Apple and State of Arizona filings have come to light today that indicate Apple is rapidly expanding its Mesa, Arizona operations and GT-Advanced sapphire crystal production. PTT Research Senior Analyst and GTAT investor Matt Margolis shared the new documents from his latest research with 9to5Mac. The first interesting piece of the filings is a letter from Apple’s Director of Global Trade Compliance James J. Patton from early July to the U.S Department of Commerce:
A new report filed by The Wall Street Journal today is the latest to claim that Apple’s next generation of iPhones will sport sapphire displays. In addition to commentary from analysts over how the more expensive material could impact costs for Apple, the WSJ report includes the following tidbit:
Apple is considering using sapphire screens in more-expensive models of the two new, larger iPhones it plans to debut this fall, if it can get enough of the material, people familiar with the matter say.
Two things are notable in mention above. First, the WSJ mentions “two new, larger iPhones” as reports continue to describe both a 4.7-inch and 5.5-inch model to be introduced with the latter size possibly available after the former. Next, the WSJ describes sapphire displays as possibly only being available on “more-expensive models” of the new iPhones.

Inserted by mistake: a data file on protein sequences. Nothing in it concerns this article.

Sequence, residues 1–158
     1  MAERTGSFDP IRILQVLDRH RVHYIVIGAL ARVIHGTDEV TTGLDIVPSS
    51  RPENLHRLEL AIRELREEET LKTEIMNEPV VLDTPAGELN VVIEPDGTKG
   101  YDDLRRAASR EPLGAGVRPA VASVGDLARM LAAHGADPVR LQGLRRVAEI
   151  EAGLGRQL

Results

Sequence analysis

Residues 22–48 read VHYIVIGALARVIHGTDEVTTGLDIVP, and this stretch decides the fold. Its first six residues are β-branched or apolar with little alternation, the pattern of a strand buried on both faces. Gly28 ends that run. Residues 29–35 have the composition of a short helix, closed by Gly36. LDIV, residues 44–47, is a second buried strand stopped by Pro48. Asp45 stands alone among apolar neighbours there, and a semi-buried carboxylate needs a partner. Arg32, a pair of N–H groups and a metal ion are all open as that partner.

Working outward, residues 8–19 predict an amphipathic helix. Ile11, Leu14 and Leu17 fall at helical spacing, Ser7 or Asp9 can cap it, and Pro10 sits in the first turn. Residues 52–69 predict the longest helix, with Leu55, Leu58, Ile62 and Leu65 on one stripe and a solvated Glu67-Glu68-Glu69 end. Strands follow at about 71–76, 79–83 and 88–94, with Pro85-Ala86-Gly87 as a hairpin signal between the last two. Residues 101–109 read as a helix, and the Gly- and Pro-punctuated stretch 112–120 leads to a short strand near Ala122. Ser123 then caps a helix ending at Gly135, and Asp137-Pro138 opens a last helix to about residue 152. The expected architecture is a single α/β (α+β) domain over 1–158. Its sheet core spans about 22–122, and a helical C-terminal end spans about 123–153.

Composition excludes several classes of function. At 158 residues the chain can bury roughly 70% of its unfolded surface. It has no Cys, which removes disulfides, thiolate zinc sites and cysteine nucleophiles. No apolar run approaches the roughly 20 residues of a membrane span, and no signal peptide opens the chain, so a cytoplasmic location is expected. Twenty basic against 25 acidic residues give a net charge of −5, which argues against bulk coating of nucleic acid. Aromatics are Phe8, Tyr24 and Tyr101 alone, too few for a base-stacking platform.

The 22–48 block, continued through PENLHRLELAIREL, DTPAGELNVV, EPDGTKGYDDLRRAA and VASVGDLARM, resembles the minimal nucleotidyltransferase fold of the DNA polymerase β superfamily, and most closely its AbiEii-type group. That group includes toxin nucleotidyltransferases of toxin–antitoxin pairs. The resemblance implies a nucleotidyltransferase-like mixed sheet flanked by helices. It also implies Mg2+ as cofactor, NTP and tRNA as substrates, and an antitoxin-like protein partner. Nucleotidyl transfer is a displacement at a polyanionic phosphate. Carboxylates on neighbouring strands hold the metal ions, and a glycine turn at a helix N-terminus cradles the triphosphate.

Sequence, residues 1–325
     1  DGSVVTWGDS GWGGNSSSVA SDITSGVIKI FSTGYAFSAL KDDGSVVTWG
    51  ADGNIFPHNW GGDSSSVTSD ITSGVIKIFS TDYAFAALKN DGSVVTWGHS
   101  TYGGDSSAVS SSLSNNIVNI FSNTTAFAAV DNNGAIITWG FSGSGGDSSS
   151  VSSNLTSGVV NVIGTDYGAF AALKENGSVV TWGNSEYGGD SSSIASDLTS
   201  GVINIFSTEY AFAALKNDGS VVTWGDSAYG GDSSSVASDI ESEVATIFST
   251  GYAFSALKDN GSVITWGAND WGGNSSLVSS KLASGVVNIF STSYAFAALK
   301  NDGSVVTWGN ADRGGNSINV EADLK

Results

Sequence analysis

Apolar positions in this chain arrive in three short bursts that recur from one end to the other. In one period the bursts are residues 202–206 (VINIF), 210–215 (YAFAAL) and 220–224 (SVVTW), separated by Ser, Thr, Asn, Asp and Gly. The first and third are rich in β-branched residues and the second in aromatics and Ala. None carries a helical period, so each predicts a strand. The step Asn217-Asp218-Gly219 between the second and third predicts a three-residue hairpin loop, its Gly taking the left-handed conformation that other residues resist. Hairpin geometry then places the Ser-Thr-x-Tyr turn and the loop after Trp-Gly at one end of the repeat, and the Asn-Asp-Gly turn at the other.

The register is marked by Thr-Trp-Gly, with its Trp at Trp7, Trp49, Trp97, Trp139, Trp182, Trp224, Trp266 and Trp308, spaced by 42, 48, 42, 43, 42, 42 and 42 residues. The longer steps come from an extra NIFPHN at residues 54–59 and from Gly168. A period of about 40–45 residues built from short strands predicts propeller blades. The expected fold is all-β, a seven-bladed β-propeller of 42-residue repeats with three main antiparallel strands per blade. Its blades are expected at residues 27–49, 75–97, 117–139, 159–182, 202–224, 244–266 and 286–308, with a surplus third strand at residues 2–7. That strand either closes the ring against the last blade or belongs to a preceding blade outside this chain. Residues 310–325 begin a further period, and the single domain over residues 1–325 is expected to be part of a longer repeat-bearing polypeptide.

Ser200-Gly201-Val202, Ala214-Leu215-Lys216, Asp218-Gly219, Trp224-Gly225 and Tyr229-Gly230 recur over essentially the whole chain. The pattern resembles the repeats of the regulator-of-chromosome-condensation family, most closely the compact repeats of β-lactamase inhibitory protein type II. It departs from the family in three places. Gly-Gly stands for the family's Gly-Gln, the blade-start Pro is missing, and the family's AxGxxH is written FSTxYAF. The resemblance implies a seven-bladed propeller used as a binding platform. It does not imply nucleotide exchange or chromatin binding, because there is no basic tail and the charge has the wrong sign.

After showing more journalists around its solar-powered North Carolina data center (where it is building a third solar farm), Apple says that its new focus for renewable energy is its supply chain. The Guardian reports that the sapphire factory in Arizona forms part of this initiative.
The company is also moving to install solar and geothermal power at a plant in Mesa, Arizona that has been manufacturing sapphire glass. Apple would not directly comment on the Arizona factory but the state’s governor, Jan Brewer, has publicly praised the company’s decision to relocate there and to use solar and geothermal in manufacturing.
Apple’s VP of environmental initiatives Lisa Jackson said that the company is conscious that its supply chain cannot claim the same green credentials as Apple itself … Read more